The dreaded vampire loads

Posted on Sep 27 2017 in Marshall County REMC

Perhaps you are familiar with an undesirable aspect of the electronic and IOT (Internet of Things) revolution: vampire loads. Vampire loads come from devices that use electricity even when they appear to be off. The primary culprits are chargers, set-top television boxes, instant-on televisions and gaming systems. There are others, but these four represent the major offenders.

Let’s look at how these vampire loads occur and why they are approaching 10 percent of average household electric use according to the Environmental Protection Agency.

Chargers take the 120 VAC (volts alternating current) power at the outlet and reduce it down to the voltage required by the connected device, usually 5 to 12 VDC (volts direct current). Obviously, when your device is charging, the charger is using electricity, but you might be surprised to learn that chargers are still using small amounts of energy even when they’re not connected to a device.

Television set-top boxes also consume energy when they appear to be inactive. Anytime the set-top box’s lights are on, it is using power. Like chargers, they use more when the television is on, but they are always working — even when the TV is off. This is especially true for those devices with a DVR function that records your favorite TV shows.

The instant-on television is another culprit. The intention of the “instant-on” feature is instant gratification for the viewer, meaning no waiting for the TV to turn on and warm up. Unfortunately, for that convenience, the TV must be on at nearly full power. So, in this mode, it can be a real energy drain.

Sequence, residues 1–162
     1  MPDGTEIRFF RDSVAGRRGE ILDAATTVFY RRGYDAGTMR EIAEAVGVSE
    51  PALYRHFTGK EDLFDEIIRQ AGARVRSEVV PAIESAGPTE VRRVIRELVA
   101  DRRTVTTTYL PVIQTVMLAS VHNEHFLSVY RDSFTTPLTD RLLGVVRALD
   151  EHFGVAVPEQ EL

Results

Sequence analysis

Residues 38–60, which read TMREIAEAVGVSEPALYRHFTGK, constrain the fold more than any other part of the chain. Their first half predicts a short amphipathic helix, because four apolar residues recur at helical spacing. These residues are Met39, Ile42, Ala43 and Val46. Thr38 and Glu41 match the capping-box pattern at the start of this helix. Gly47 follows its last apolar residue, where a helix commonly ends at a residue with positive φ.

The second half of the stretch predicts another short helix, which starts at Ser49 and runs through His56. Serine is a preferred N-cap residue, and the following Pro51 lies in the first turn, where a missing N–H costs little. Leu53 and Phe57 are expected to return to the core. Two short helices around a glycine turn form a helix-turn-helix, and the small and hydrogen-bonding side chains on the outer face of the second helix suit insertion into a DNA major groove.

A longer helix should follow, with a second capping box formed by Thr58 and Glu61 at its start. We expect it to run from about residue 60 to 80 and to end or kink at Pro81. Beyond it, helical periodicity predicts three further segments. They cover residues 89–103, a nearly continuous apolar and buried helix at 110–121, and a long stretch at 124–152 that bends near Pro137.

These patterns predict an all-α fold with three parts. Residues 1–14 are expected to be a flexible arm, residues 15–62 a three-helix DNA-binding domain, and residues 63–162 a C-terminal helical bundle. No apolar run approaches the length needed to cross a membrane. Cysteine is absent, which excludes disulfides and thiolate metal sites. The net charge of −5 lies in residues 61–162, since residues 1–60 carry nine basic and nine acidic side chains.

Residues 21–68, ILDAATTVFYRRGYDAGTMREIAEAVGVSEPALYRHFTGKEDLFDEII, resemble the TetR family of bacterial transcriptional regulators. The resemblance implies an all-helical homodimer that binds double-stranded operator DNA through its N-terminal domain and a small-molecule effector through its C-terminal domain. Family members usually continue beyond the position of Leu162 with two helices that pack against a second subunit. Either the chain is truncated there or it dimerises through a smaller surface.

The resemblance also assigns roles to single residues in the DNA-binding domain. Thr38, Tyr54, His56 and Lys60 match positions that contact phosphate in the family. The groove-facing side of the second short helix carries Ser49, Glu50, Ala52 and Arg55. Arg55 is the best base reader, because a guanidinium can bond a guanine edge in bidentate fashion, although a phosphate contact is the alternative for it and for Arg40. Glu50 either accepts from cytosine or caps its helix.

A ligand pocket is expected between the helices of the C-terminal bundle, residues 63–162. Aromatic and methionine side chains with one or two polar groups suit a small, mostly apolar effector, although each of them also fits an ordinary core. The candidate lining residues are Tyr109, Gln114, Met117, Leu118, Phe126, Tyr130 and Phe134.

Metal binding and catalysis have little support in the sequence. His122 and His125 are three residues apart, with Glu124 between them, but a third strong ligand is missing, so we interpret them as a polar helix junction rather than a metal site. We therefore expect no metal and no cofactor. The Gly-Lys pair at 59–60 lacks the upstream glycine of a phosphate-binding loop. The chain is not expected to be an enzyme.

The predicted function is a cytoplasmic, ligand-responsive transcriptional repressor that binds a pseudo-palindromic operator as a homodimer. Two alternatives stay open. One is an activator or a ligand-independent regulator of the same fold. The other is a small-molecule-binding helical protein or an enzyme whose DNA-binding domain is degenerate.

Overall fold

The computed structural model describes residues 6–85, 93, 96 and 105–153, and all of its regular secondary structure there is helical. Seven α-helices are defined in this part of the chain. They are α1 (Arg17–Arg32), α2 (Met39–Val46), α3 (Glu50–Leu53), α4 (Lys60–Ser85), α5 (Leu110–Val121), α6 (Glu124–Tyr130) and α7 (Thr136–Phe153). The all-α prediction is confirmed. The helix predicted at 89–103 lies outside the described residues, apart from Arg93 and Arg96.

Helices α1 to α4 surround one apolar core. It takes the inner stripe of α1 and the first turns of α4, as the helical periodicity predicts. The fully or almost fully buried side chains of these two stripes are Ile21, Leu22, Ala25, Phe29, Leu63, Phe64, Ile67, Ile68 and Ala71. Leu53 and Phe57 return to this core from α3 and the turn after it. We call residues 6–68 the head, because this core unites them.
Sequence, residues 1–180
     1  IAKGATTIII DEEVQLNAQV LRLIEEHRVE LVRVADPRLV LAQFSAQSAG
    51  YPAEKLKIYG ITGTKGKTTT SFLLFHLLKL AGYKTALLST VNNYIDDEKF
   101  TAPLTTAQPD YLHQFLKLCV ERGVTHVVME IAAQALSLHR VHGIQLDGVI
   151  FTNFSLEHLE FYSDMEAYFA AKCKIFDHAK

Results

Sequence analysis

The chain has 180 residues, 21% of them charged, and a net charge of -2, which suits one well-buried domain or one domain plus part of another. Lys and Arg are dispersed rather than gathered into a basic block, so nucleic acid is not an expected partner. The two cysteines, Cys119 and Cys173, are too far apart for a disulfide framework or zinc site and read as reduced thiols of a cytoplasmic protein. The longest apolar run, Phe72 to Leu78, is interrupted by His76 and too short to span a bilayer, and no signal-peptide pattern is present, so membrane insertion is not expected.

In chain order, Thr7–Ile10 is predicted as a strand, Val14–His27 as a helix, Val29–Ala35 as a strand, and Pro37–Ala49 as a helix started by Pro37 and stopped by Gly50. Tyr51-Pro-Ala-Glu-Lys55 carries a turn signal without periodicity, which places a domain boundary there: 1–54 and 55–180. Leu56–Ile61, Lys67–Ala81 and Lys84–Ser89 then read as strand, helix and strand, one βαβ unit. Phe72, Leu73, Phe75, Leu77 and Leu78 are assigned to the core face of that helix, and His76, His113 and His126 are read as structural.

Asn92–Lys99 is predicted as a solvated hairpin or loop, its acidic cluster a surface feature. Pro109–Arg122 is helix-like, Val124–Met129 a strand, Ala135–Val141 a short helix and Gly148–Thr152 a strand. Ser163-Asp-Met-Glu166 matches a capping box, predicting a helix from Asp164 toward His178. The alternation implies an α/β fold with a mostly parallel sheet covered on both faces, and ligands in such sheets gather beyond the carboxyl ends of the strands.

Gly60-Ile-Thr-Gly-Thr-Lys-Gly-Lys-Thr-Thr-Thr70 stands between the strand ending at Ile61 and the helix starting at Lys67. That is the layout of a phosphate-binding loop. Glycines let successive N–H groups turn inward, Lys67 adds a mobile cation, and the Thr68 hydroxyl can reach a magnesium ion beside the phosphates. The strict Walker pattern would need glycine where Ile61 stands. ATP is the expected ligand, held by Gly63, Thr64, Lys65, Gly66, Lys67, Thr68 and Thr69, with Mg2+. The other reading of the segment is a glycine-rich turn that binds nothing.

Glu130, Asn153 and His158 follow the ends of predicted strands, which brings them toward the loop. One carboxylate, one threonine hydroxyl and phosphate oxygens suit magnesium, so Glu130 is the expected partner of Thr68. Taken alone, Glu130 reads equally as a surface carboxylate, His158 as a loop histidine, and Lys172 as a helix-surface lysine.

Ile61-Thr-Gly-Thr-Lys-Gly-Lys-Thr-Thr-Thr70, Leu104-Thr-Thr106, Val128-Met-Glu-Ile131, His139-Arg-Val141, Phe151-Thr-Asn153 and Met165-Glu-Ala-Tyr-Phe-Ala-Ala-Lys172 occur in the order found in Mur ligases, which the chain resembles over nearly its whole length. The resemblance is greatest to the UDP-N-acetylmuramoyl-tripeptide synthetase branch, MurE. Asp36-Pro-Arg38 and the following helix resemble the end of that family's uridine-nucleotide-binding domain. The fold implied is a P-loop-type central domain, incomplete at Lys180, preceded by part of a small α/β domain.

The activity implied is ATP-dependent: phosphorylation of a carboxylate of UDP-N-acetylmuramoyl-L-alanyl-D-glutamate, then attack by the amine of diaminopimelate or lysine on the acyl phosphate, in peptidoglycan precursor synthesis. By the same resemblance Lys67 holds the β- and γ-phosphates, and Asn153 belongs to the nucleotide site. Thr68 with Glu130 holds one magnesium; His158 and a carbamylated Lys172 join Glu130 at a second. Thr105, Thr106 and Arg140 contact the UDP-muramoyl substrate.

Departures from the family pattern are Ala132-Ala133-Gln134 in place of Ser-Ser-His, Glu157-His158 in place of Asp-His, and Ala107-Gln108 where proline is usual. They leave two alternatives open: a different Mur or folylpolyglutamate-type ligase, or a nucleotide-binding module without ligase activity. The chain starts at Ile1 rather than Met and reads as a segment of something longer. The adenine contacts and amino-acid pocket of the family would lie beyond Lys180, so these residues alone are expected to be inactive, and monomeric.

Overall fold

The typical gaming console can use as much energy as a regular refrigerator even when it’s not being used. Make sure to check the console settings and disable automatic updates, which is where the energy drain comes from. Games on the console are frequently updated, which requires a lot of electricity.

So, how does the average family combat these dreaded vampire loads? Garlic garlands? Silver bullets?

Fortunately, none of the remedies of fable are necessary. You just need to change how you handle these energy-sucking electronics. Here are a few suggestions.

  • Unplug chargers when not in use.
  • Invest in smart power strips. These look like normal power strips but have a twist; one of the outlets is the “master” that receives power all the time. The others are off. When the device connected to the master outlet turns on, the rest of the outlets receive power too. It’s ingenious and perfect for entertainment set-ups. Have the television in the master outlet and when you turn it on, the set-top box, speakers, streaming devices, etc. will turn on, too. They are also ideal for PCs and their peripherals.
  • Turn off the instant-on function on your TV. Turn off set-top boxes that do not contain the DVR functionality or use a smart power strip.
  • Disable automatic updates in gaming consoles and turn the console completely off when you finish using it.
  • When replacing any device or appliance, look for an EnergyStar-rated product.

Vampire loads are a real problem that will only continue to grow as the digital age advances. But you can fight the vampires with vigilance and application of the recommendations above. Check with Marshall County REMC for additional suggestions and energy-saving advice.

Average power consumption

  • Air conditioner: 0.9 watts
  • Game console (off): 1.01 watts
  • Inkjet printer (off): 1.2 watts
  • DVD player (off): 1.55 watts
  • Clock radio: 2.01 watts
  • Phone charger (phone connected and charged): 2.24 watts
  • Desktop computer (off): 2.84 watts
  • Microwave (ready to use): 3.08 watts
  • Furnace: 4.21 watts
  • CD player (off): 5.04 watts
  • Laptop (off, fully charged, plugged in): 8.9 watts
  • Desktop computer (sleep mode): 21.13 watts
  • DVR (off): 36.68 watts